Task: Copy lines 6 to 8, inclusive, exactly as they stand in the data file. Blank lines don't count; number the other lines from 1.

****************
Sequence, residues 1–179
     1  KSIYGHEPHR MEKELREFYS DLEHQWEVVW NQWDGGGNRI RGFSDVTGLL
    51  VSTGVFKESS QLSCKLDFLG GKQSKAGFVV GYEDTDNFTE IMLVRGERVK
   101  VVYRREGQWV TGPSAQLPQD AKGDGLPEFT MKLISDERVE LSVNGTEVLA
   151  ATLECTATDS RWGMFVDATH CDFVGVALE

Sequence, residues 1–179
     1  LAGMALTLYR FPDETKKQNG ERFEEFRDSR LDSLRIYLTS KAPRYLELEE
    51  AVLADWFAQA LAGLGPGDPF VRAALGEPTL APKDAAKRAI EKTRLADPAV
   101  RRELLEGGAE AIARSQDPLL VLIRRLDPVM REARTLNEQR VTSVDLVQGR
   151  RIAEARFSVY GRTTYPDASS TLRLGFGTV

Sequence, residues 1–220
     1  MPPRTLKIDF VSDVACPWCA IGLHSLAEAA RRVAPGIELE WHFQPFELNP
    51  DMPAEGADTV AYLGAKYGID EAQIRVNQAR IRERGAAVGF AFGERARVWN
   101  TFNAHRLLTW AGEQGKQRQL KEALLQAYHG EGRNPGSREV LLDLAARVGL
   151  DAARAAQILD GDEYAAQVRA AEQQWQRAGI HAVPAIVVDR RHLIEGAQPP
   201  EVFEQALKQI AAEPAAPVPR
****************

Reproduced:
Sequence, residues 1–179
     1  LAGMALTLYR FPDETKKQNG ERFEEFRDSR LDSLRIYLTS KAPRYLELEE
    51  AVLADWFAQA LAGLGPGDPF VRAALGEPTL APKDAAKRAI EKTRLADPAV